Annie has been exhibiting her work for seven years and has done notable publishing work for clients such as Disney, Hasbro, Wizards of the Coast, Easton press, Ballistic Publishing and more. Her work is found in private collections all over the world.
Howard Lyon, Legend and Myth
Haven Gallery // Howard Lyon is an artist that was born and raised in Mesa, Arizona. He is the youngest of five children. Howard had very supportive parents, who even when he was very young, made sure he had the materials and education to hone his talents. While attending high school Howard met his wife, Shari Lunt. They now have three children and reside in Utah.
Howard began his career studying illustration at Brigham Young University working with artists such as Robert Barrett, Don Seegmiller, Richard Hull and Ralph Barksdale. Over the past 20 years he has worked in the video game industry as an Art Director, concept artist and freelance illustrator. For much of his career he has painted dragons and trolls or scenes from science fiction. His work can be found in products from Dungeons and Dragons books, World of Warcraft cards, Magic: the Gathering and Star Wars. He also writes for the Fantasy Art blog Muddy Colors and has recently been doing work for Brandon Sanderson’s books including Mistborn, Warbreaker, The Stormlight Archive, and the covers for Dreamer and Snapshot.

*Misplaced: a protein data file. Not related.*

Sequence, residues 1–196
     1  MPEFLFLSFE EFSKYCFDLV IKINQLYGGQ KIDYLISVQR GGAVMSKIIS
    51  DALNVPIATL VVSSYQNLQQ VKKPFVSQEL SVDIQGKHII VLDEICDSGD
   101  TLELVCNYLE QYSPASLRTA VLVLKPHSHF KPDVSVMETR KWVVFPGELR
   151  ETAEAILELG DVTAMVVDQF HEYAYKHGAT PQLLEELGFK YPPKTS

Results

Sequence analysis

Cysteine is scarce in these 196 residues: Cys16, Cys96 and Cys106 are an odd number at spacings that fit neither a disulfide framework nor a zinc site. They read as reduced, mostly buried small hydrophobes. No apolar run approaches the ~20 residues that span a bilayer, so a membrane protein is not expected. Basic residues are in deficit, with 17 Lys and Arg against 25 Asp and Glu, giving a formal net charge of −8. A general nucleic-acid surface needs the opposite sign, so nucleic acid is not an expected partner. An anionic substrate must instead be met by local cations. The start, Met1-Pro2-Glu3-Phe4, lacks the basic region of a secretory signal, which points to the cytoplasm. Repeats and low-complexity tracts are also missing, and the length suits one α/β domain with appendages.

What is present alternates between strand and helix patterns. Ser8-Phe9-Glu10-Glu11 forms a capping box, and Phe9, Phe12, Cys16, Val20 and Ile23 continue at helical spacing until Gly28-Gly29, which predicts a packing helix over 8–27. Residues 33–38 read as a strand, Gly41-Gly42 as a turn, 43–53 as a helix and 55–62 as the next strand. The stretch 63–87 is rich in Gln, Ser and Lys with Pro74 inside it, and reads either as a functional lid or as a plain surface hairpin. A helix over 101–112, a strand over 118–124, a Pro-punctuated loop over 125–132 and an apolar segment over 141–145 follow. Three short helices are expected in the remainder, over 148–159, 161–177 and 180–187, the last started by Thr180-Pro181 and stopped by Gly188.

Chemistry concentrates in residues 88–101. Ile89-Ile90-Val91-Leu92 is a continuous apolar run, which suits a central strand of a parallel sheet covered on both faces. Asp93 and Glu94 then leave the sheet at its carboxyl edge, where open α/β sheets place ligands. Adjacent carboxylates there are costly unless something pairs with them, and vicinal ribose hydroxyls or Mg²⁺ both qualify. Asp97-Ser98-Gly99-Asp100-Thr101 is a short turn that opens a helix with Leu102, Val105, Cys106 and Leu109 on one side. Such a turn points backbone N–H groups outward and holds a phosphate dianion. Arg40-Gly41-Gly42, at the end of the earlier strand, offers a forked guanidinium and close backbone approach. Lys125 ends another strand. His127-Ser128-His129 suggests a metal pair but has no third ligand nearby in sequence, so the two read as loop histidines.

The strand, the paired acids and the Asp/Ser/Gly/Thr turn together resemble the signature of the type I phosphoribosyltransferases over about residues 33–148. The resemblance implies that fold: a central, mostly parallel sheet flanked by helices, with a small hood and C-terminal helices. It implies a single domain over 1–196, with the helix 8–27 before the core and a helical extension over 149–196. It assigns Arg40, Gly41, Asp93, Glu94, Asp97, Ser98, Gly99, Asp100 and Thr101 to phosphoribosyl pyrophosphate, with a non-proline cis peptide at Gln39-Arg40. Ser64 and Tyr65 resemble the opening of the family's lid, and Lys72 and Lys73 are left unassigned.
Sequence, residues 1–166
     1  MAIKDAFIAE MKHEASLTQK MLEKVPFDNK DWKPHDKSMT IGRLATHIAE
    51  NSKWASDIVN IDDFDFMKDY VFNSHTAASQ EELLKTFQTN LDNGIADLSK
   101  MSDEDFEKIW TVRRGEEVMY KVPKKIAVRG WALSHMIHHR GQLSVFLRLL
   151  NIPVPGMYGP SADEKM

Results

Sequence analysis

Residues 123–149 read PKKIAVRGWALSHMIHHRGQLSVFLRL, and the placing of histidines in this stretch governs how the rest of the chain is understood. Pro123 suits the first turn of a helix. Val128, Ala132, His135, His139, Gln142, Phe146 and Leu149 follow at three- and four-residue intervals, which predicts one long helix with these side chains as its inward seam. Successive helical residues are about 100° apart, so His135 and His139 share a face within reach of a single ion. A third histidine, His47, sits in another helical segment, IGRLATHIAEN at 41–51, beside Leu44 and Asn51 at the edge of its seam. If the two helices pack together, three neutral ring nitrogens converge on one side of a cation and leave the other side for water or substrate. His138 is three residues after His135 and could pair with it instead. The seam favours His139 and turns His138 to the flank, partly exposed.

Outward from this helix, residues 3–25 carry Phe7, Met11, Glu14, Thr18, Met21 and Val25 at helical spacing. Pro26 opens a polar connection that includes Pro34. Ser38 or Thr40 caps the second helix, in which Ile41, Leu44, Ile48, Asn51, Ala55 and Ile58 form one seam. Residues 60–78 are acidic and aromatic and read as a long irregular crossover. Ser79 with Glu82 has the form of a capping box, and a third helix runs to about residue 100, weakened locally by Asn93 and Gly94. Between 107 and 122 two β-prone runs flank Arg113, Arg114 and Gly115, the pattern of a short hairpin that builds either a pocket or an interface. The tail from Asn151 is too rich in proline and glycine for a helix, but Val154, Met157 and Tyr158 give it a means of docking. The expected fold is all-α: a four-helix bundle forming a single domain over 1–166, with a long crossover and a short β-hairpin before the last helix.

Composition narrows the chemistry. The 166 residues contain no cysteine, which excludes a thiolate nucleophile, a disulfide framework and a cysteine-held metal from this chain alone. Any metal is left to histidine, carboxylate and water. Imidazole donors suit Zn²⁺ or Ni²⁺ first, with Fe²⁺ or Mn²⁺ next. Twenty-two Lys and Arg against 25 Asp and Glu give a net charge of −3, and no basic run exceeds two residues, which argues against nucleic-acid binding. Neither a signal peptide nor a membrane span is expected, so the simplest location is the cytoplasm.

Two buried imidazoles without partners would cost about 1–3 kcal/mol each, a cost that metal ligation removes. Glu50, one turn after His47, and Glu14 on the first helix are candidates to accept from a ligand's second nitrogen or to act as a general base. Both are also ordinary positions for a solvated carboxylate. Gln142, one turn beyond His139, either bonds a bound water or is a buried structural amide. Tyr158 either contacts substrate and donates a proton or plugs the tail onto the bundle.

Stephanie Law, Garden Wild
Haven Gallery // In Stephanie Law’s latest exhibition, Garden Wild, she dives into worlds where order and human desire for control and designed beauty are juxtaposed against the inevitable chaos and change that the natural world imposes. The garden is the playground for the gardener, a place where seeds may be planted and nurtured and inhabitants protected from predation. Beauty and balance can be crafted in cultivated doses, but as the series Song explores, walls are not enough to keep the raw power of the wilderness at bay. Cement and clay crumble before the patience of slowly growing tree roots, and the rhythm of the seasons create a beautiful entropic playground.
In a metaphorical sense, the inscribed walls of normalcy were crushed in 2020 by the pandemic and a disruption of everyday life. In struggling with this external chaos, Garden Wild crafts intimate little spaces in which to breathe, find joy, and find personal elements to nurture. As in many of her other works, Law blends the land and sea in her pieces, and mingles shadow and light into surreal realms that perpetually straddle boundaries of reality. Her attention to tiny botanical details gives room for discovery and a sense of timelessness that is another kind of wall of protection against the clamor of uncertainty. She invites you to plant your own seeds, and delight in the slow unfolding of growing things and ideas.